Leading companies including Shell, Unilever and EDF Energy have written to prime minister David Cameron, urging him to maintain the UK’s fourth carbon budget to strengthen investor confidence.
In a letter co-ordinated by the Prince of Wales’ Corporate Leaders Group, senior figures from firms also including BT, Kingfisher and Anglian Water have called on Cameron to follow the advice of the Committee on Climate Change.
The fourth carbon budget, which covers the period from 2023 to 2027, currently rules that the UK economy should have reduced its climate change-causing greenhouse gas emissions by 50% on levels from 1990 by 2025.
The government is set to review the fourth carbon budget this year. However, the CCC’s review ruled that there was “no legal or economic basis” for lowering the decarbonisation targets.
The business leaders’ letter reads, “The UK has a strong tradition of leadership on climate change, underpinned by a cross-party consensus on the need to reduce carbon emissions and a broad policy framework to deliver a low-carbon future.
“As business leaders we value this clarity and commitment, and wish to see it maintained.”
It concludes, “We stand ready to support efforts by the government to ensure that the UK is able to deliver a prosperous, low-carbon economy and to demonstrate the international leadership required to deliver effective action in Europe and globally, thus ensuring a level playing field for business.”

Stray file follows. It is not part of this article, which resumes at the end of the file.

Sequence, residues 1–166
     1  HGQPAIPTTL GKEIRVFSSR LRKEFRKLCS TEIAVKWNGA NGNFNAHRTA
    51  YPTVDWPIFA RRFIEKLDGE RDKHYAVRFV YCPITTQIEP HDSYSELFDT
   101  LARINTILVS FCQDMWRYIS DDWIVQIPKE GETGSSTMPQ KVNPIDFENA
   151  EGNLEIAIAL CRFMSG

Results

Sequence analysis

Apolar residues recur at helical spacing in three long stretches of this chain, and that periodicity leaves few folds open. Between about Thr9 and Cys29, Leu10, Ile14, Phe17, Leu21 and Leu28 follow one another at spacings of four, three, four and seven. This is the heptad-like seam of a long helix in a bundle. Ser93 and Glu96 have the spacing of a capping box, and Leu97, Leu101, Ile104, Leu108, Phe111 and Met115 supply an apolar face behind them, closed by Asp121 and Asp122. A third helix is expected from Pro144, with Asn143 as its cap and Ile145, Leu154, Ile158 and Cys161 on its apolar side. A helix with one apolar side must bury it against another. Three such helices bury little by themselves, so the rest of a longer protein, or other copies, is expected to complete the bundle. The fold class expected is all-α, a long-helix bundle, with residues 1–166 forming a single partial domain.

Sir Ian Cheshire, chief executive of Kingfisher, added, “No matter what business you are in, if you are looking forward you recognise there is no alternative but to transition to a low carbon economy.
“The fourth carbon budget sets out the trajectory the UK’s transition will take. It’s important that the government reaffirms this so that businesses have the certainty they need to make investment decisions.”
Commenting on the CCC’s findings in December, Stephanie Pfeifer, chief executive of the Institutional Investors Group on Climate Change, said the UK urgently requires investment of around £330 billion in its energy infrastructure by 2030.